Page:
- 3/24/20 - FDA defines mitigation strategy
- 2010 survey reported U.S. hospitals had 62,188 full-featured mechanical ventilators on hand, but the numbers varied widely by state - 
- Doctors decide selection criteria for allocating limited medical equipment - . Sadly - “This is a shift to caring for the population, where you look at the whole population of people who need care and make a determination about who is most likely to survive, and you provide care to them,” she said. “Those that have a less good chance of survival — but still have a chance — you do not provide care to them, which guarantees their death.”
- Most severe cases require ICU care, of which there are 200k beds in the USA.
- The Johns Hopkins Center for Health Security estimates that 38 million Americans will need medical care for COVID-19, including as many as 9.6 million who will need to be hospitalized – about a third of whom might need ICU-level care. In a February presentation to the American Hospital Association, Lawler estimated that as many as 96 million Americans could be infected. - from 'https://www.usatoday.com/in-depth/news/investigations/2020/03/13/us-hospitals-overwhlemed-coronavirus-cases-result-in-too-few-beds/5002942002/'
- MIT List of ventilator projects - 
- Polish version - 
- Y Combinator - open discussion - 
- Vice - 
- Global ventilator hackathon and need for EMTs & Firefighters - 
- 1 Million Ventilators - is this an open source project? https://helpwithcovid.com/projects/13-1-million-ventilators
- See other efforts at 
- Incentive challenge at Ennomotive - 
- Other efforts listed by Ennomotive -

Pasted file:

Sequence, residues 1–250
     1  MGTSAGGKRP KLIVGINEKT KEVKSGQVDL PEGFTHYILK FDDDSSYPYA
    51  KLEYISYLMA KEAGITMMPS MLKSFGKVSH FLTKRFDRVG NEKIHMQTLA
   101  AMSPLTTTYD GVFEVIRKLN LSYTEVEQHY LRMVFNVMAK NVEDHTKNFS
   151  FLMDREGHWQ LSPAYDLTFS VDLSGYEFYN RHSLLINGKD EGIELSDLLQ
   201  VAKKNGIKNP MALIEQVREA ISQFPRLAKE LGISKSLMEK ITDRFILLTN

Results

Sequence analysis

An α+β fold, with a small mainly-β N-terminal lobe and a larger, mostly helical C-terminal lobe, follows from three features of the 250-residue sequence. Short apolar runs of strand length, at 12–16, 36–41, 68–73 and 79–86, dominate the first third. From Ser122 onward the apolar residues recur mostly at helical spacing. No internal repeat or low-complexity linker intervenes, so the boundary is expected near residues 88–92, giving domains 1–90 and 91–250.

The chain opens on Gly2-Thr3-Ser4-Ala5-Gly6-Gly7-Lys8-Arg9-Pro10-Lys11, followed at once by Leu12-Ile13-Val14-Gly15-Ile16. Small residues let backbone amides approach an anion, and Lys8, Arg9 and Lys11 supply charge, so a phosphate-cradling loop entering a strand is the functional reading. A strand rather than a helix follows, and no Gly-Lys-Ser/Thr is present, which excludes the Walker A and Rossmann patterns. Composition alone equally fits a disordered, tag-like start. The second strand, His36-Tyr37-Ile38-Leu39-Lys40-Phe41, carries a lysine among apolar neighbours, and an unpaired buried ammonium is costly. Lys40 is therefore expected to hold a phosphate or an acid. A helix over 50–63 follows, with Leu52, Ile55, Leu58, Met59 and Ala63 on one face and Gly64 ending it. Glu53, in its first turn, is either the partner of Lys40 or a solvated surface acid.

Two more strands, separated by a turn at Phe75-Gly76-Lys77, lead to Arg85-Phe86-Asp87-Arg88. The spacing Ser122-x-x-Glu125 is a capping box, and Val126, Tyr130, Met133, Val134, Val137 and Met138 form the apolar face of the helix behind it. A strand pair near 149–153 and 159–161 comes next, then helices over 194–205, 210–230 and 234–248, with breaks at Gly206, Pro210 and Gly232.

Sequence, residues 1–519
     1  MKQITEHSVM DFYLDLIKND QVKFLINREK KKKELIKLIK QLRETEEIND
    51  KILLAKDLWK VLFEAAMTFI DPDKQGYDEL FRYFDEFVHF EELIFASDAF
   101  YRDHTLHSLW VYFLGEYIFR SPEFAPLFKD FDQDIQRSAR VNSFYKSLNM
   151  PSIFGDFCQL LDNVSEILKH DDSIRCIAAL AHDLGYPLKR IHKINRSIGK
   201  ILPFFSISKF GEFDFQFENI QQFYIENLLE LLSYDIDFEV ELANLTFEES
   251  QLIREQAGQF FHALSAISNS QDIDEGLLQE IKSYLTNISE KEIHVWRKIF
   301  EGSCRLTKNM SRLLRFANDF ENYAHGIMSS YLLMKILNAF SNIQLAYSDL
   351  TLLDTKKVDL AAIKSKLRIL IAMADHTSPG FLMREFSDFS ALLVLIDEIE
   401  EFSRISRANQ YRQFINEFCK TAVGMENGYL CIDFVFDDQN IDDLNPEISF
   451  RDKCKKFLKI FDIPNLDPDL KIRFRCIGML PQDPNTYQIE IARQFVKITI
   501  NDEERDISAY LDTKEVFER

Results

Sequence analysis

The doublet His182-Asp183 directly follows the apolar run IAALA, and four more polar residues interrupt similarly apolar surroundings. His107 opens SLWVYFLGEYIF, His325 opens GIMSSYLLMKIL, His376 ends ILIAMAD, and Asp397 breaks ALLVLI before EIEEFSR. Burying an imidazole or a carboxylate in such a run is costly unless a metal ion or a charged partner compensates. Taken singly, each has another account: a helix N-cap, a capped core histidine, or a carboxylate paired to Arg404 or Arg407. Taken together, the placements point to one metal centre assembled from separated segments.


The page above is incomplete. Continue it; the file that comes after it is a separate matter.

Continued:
- Ifixit - repair manuals crowdsourcing - 
- TPU 3D Printed mask - 
Designs, Prior Art, Patents, Industry Standards
- Manley ventilator explained, 1960 design - 
- Bag Valve Mask ventilator - Gitlab - 
- Brescia design - 
- Ventilator specialist Ventec. GM Collaborating with Ventec?
From: Vandenbrande, Jan <firstname.lastname@example.org> Sent: Thursday, March 19, 2020 8:31 PM To: Vandenbrande, Jan <email@example.com> Subject: I may need your help to build ventilators
As you are probably aware, the president of the US has initiated the Defense Production Act which gives priority to the production of equipment of national safety in response to the current corona virus pandemic. I have been tasked to understand what we can do to ramp up production of ventilators, leveraging additive manufacturing at scale and idle manufacturing plants. The US may need an additional 10,000-100,000 ventilators in a couple of weeks, though other predictions indicate we may need more (750,000).
I am still in the process of understanding what the bottlenecks are, but would like to initiate your thinking processes on what you could possible contribute after you familiarize yourself with ventilator design. Here is a UK link that gives some ideas of the specs: https://medium.com/frontier-technology-livestreaming/frontier-tech-4-covid-action-emerging-market-ventilation-systems-9c818cb46189
If you are already engaged in some way, let me know. Lots of efforts are underway, but they may not be enough. I am open to accelerating production of existing devices but also open to old designs/open source/off-the-shelf (e.g., Arduino, robot components) that we can build quickly. Demand will not be met with a single solution.
At this point this is just a heads up email. I hope to have more details in the next 24 hours after I talk to a couple OEMs. But if you have clever ideas, who I should talk to in your organization or others, let me know. Feel free to propagate this email.
BCC’ed to DARPA contractors on my programs, past collaborators and other clever people.
Jan Vandenbrande - Program Manager - DARPA Sciences Office - (571) 218 4553